Cosmic Rays

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Cosmic rays are highly energetic particles which originate from extraterrestrial sources. A distinction between soft cosmic radiation stemming mainly from our sun and hard cosmic radiation produced outside our solar system can be made. When interacting with particles in the earth's atmosphere, primary cosmic rays can induce a high energy shower cascade yielding a multitude of newly produced particles.


Energy spectrum of primary cosmic radiation

Primary cosmic consists of about 90% of protons, about 9% of helium nuclei and 1% of heavier nuclei. The precise composition depends on the considered energy range. The energy distribution of primary cosmic particles, as shown o the plot on the right, has a most probable value of about 300 MeV (3 x 106 eV) and drops sharply for increasing energies. However, cosmic rays with energies up to 3 x 1020 eV (~ 50 J) have been observed.

Cosmic rays produced in the sun are deflected by the Earth's magnetic field

As the energy of a primary cosmic particle hints at its origin, a classification in soft cosmic radiation with kinetic energies up to several hundred MeV and hard cosmic radiation is done. Soft cosmic radiation originates from the sun. The relatively low energy of these particles allows for a deflection due to the Earth's magnetic field. The deflected particles are steered towards the magnetic poles where they interact with the atmosphere which can be seen as polar lights.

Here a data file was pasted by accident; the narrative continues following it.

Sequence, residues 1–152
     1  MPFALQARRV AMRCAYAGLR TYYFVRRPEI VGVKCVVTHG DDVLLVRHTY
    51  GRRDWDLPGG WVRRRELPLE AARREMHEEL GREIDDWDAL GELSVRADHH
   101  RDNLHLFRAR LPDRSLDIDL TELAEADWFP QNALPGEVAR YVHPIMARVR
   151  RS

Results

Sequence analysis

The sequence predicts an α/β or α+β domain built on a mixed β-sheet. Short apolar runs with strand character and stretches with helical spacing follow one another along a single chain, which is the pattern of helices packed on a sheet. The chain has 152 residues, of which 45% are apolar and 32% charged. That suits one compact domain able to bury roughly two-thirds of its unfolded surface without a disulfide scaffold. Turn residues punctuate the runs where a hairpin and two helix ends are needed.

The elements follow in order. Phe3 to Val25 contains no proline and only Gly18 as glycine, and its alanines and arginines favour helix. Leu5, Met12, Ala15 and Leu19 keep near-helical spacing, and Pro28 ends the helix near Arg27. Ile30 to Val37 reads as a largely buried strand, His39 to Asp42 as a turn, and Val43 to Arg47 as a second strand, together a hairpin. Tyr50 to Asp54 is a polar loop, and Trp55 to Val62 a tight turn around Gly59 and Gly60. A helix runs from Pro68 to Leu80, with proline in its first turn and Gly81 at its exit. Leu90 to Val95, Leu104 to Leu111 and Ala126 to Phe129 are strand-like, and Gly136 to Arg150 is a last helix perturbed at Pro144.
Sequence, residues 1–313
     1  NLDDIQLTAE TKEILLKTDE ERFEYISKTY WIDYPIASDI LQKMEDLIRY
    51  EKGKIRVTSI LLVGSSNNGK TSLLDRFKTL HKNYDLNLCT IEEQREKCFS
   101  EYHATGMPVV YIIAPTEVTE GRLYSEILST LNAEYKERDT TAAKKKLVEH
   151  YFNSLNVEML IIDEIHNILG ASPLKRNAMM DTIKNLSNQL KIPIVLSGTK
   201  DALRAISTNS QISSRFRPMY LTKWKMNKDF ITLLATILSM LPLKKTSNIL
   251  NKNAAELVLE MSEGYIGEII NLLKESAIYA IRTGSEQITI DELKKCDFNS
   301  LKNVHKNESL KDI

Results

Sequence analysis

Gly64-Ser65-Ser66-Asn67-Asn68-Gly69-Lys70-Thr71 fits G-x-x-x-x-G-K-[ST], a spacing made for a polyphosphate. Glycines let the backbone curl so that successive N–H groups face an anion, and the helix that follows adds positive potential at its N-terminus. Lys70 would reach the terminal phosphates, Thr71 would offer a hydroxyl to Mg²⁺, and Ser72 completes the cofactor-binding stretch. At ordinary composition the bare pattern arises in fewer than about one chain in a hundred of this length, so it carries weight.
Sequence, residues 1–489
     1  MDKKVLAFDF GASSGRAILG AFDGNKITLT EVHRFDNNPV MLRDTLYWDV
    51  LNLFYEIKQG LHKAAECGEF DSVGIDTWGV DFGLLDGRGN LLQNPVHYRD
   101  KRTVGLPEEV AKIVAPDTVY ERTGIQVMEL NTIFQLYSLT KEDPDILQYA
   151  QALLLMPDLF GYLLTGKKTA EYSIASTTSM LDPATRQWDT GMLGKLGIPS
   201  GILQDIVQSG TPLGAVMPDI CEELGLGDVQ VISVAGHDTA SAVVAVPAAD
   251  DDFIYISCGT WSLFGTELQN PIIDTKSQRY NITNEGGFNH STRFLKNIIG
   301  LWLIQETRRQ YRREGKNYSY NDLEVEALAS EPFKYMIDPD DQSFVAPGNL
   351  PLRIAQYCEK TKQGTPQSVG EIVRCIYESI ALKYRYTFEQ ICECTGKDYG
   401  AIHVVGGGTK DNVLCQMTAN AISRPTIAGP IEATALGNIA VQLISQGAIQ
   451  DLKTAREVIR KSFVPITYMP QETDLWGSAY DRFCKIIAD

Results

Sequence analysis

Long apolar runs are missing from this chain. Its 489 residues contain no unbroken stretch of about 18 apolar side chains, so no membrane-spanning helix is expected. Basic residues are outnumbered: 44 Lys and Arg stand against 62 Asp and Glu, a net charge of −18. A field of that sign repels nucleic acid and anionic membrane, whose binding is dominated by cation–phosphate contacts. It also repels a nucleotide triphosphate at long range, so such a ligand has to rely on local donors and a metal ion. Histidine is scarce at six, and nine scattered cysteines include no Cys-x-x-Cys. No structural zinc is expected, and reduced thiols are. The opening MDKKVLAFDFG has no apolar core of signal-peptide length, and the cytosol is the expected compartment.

Cosmic ray showers

The interaction of primary cosmic rays with an atmosphere yields a plethora of secondary particles. AS these secondary particles decay themselves, they give rise to tertiary particles decaying into even more particles. Ultimately, a primary cosmic ray triggers a multiplication process yielding a shower of particles. The extension of the shower heavily influenced by the energy and type of the primary particle.

Schematic representation of a cosmic ray shower. The interaction of the primary proton with the atmosphere gives rise to secondary particles.

The most prevalent particle species in the showers are electrons, photons, protons, neutrons, pions and muons. While the former four can be considered inherently stable on the timescales relevant for a cosmic shower formation, pions and muons have a finite life-time. Owing to relativistic effects, the detection of muons on the surface of Earth is nonetheless possible. Measuring these secondary muons paves the way to reconstruct properties of the cosmics shower itself as well as the primary particle.

Geant4 simulation of an atmospheric particle shower triggered by a 10 TeV proton.